We recall the WCC 11th Assembly Statement titled, “Living Planet: Seeking a Just and Sustainable Community”, which underlines that “Christ’s love calls us to deep solidarity and a quest for justice for those who have contributed to this emergency the least, yet suffer the most, physically, existentially, and ecologically, through a transformation of systems and lifestyles” and that “wealthy nations responsible for the bulk of emissions must take the lead in reducing their own emissions and in financing emission reductions in poorer nations.”

The executive committee of the World Council of Churches, meeting in Abuja, Nigeria, from 8 to 14 November 2023:

Affirms our belief in a God of justice that will ”let justice run down like water, and righteousness like a mighty stream” (Amos 5:24), and that as Christians, we are obliged to act for justice.

Calls on all governments to act now on phasing out fossil fuels which account for 75% of greenhouse gas emissions. This means:

  • Ending fossil fuel subsidies, halting new extraction of fossil fuels, and urgently phasing out existing fossil fuel sources;

  • Committing to a Fossil Fuel Non-Proliferation Treaty as endorsed by the WCC central committee in June 2023; 

  • Providing financing for more vulnerable and low income nations for loss and damage, for climate change adaptation, and for the transition to a renewable energy based economy; and

  • Acting for a just transition that protects the rights of Indigenous Peoples and vulnerable groups as well as ensuring that no worker, community or country is left behind.

Calls on COP28 to:

  • Rise above the current conflicts, confrontations and divisions in the international community, and act collectively to address the urgent existential threat of climate change as a matter of fundamental moral responsibility to the current and all future generations of life on earth.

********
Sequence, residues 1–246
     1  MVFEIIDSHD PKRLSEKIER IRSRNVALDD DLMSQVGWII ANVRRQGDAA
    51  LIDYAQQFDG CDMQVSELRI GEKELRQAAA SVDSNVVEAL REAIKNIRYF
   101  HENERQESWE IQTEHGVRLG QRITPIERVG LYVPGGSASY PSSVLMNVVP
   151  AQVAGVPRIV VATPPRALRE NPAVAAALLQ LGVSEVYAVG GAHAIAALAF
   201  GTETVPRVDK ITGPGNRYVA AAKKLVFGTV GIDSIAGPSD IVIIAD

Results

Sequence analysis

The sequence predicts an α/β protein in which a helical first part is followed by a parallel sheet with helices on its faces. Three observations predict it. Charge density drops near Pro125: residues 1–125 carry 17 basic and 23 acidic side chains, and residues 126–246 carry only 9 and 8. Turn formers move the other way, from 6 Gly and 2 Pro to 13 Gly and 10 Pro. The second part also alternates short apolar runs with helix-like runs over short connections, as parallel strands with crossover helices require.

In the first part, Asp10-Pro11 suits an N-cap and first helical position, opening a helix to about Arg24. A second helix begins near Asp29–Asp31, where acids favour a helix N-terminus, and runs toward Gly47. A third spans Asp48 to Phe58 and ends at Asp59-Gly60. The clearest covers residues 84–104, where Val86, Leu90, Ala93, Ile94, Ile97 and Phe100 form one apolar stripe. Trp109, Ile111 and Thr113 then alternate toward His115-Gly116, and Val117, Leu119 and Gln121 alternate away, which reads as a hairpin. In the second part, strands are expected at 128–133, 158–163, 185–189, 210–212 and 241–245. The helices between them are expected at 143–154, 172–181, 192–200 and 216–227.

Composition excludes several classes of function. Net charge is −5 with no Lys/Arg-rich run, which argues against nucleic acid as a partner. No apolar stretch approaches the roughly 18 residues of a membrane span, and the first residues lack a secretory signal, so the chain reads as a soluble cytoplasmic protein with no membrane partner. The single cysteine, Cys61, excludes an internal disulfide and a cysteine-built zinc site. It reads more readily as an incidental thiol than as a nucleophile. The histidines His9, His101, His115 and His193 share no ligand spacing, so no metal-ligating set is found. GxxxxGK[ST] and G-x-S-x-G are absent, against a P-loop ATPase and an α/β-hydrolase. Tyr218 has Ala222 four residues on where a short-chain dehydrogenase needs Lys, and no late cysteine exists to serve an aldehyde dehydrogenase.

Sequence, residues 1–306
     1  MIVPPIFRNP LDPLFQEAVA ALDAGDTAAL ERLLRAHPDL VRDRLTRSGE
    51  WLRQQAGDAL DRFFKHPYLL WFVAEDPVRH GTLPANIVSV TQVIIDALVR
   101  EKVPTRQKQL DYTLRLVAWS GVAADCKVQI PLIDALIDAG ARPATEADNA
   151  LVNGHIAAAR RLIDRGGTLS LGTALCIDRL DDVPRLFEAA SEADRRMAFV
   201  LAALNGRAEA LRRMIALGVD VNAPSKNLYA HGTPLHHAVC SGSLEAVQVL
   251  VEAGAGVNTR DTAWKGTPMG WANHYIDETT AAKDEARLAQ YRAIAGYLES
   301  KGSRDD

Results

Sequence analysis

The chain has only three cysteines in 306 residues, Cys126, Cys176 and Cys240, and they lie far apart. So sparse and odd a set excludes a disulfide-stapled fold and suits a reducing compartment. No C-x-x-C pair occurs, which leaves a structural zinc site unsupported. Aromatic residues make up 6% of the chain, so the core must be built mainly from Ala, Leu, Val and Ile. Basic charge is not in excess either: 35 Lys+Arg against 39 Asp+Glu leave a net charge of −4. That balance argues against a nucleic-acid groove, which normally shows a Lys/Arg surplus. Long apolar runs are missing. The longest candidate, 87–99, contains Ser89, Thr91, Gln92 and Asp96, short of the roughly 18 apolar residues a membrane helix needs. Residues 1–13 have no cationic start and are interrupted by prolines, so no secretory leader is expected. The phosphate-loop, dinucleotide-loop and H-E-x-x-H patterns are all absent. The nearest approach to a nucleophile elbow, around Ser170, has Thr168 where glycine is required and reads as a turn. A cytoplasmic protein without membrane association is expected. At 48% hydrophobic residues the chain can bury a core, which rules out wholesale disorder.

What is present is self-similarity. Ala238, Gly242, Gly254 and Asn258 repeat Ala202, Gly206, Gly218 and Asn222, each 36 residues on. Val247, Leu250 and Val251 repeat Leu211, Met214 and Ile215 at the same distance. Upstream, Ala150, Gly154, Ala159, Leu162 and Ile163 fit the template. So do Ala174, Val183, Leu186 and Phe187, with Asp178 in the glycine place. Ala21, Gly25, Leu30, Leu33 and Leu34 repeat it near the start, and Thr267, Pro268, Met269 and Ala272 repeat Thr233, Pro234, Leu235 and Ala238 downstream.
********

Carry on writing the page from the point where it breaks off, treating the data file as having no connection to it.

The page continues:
• Ramp up Nationally Determined Contributions (NDCs) with a view to keeping global warming to not more than 1.5° C in accordance with the Paris Agreement commitments.

  • Make operational as soon as possible the Loss and Damage Fund established at COP27 in view of accelerating climate impacts. This means ensuring new, additional, adequate and predictable funding for economic and non-economic losses and damages experienced mainly by more vulnerable and low income countries which is expected to reach $150-300 billion a year by 2030. Such funds must be made accessible to climate-impacted communities. 

  • Rapidly deliver climate finance that gives climate-vulnerable nations and communities a chance to adapt to the consequences of climate change. At a minimum, this COP must live up to the promise of providing 100 billion dollars per year for the Green Climate Fund. Such finance must be needs-based, at the scale required, and in the form of grants rather than loans.

Urges member churches, ecumenical partners, and all people of good will to:

  • Pray and appeal for leaders gathering for COP 28 to act resolutely and with the necessary urgency to address the gravity of the threat posed by the escalating climate crisis;

  • Support young people in their efforts to protect their future and to ensure a sustainable living planet, including advocating against measures that criminalize or excessively punish those who participate in non-violent demonstrations for climate action and climate justice;

  • Support the claims of more vulnerable and low income nations and communities for climate reparations for loss and damage;

  • Promote the Fossil Fuel Non-Proliferation Treaty;  

  • Exercise their power as consumers to demand that their banks and other financial service providers divest from fossil fuel industries, and invest in renewable energy industries, as a moral imperative for our children’s future. 

  • ‘Walk the talk’, making the necessary lifestyle changes and taking the actions required for a sustainable future for all.

[1] The State of the Climate in Africa 2022, World Meteorological Organization: https://public.wmo.int/en/our-mandate/climate/wmo-statement-state-of-gl…

[2] WCC 11th Assembly Statement : “The Living Planet: Seeking a Just and Sustainable Global Community